DCE Denies Nepotism
2007-07-20 19:08:44This article has been read 783 times.Hon. Solomon Salia Mwengu, District Chief Executive (DCE) for Sissala East in the Upper West Region has explained the circumstances under which his son got involved in the execution of a School Feeding Programme (SFP) project in the district.
The DCE has been accused of awarding to his own son, Simon Salia, a contract worth about GH¢4.000 (or ¢40 million) for the construction of a kitchen and storeroom to be used by the SFP in a village called Pieng.
The DCE’s accusers say while the other projects awarded to separate contractors have been completed and handed over, Simon was having problems completing his work.
Though he admitted that Simon was executing the contract for the construction of the SFP kitchen and storeroom, he registered his innocence saying, "my son has no contract documents, but he got to be working on the contract won by one Jacob Ayamga."
He explained that Mr. Ayamga, a known contractor in the district won the contract and sublet it to Simon because he is a professional mason and stressed that he, as the DCE did not play any role in the entire process, which involved two grown-ups.
He said the project hit a snag and so no money has been paid to the two until the defects are rectified. According to him, the consultant to the project whose name he gave as Andrews had detected that the wrong kind of bricks had been used at the part of the kitchen where the fire would be set and duly instructed Jacob and Simon to see to its correction.
Reacting to a separate allegation that he has sold another contract to a gentleman in Gwollu for ¢40m, the DCE retorted, "That is unfortunate," stressing, "there is no contract that is up to 40 million that I know has been given in my district."
He said it is not possible for anybody, including him to circumvent tender processes in favour of anyone because there is a District Tender Committee (DTC) in place.
"People apply for the contracts after an advert has been placed. Now, these are processed and brought through for the tender committee to sit on, and at this time all contractors should have applied."
Further, he explained that the contractors are supposed to be present before their tender documents are opened for scrutiny.
After that if the contract sum exceeds the threshold given to the DTC, the process is referred to the District Tender Review Board (DTRB).
He said like many other districts, some assembly members and other influential people make attempts to manipulate tender processes but they are often resisted.
He said it has almost become a tradition for either a member of the executive body or an assemblyman to try anytime there is a contract to influence the process by pressurizing members of the DTC.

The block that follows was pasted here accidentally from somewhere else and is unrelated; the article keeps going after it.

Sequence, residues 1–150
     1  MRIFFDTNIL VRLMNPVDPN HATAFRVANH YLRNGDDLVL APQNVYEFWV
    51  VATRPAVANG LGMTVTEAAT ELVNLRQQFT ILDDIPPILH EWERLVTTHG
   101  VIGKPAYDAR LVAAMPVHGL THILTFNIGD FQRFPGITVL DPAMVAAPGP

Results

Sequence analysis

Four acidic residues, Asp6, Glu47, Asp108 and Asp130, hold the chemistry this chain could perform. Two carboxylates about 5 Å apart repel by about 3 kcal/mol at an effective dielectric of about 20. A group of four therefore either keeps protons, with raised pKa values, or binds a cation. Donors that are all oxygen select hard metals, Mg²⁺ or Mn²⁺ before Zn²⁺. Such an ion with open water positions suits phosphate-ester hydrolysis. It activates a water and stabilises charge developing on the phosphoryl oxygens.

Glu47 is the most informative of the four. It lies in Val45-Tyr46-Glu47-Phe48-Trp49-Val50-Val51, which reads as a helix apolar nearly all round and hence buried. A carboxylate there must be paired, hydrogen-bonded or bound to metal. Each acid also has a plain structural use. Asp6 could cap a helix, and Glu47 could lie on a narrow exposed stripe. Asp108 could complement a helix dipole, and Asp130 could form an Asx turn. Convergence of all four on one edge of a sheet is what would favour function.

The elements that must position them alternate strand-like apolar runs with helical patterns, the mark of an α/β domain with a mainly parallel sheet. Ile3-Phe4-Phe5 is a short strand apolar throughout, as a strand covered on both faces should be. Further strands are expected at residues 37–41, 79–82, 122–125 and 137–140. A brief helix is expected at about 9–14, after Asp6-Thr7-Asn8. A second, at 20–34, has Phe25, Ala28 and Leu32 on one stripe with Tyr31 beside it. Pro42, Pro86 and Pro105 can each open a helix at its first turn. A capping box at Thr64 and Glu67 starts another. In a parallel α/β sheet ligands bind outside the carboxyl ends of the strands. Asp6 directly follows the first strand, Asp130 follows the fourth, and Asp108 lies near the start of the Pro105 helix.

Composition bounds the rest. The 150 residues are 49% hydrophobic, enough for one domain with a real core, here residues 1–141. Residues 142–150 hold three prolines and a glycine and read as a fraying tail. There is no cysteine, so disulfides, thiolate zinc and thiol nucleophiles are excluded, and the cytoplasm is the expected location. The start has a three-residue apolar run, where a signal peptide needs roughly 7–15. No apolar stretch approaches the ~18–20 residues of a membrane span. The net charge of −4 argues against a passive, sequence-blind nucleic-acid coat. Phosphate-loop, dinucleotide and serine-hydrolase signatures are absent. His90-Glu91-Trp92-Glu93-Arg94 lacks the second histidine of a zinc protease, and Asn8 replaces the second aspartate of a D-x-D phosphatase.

When pressed to say whether he has ever yielded to any of such scheming, the DCE replied, "Not with me!"
Touching on other challenges he faces as a DCE, Hon. Salia disclosed that some citizens of the district presume that the District Assemblies’ Common Fund (DACF) is a large pool of money that is supposed to meet all their demands.
But because the fund turns out to be inadequate in meeting the long list of projects in the district, this raises suspicion with some even suggesting that the DCE has spent the money.
The internally generated fund, which consists of levies, property rates and other local taxes, is also nothing to write home about, he noted.
"So you are not in the position to come up and take a project, which you, looking at your resources as an assembly can do."
Then again, there have been some successes. Enrollment and retention have significantly improved, of course, through the Capitation Grant and the SFP. He added that there is also healthy competition among teachers as all of them are seeking to upgrade themselves from certificate "A" to diploma holders.
On the decentralisation of powers and functions, as well as, fiscal decentralisation, the DCE voted in favour of a system that ensures absolute decentralisation of all aspects of public administration. He said authorities would be more accountable at the district level if they were allowed to make all the decisions at the local level.
Sharing his views on whether DCEs should be appointed or elected, Hon. Salia preferred to be neutral on the debate.
He however advanced explanations for either side of the debate. He said if a DCE were elected, he would be convinced that the majority of the people in the district have him at heart, hence his election.
On the other hand, if it is left to the assembly members to confirm one’s appointment, a process that can easily be influenced even within that group, a DCE won’t stick out his neck to speak against any of them.
"But then, we cannot be sure that if DCEs are elected they can be loyal to the ruling government," he said explaining that there can be serious opposition for the central government provided the elected DCEs fall on the other side of the political divide.
"If you are nominated and the people say yes, you have an allegiance to your party and your party has an allegiance to the nation."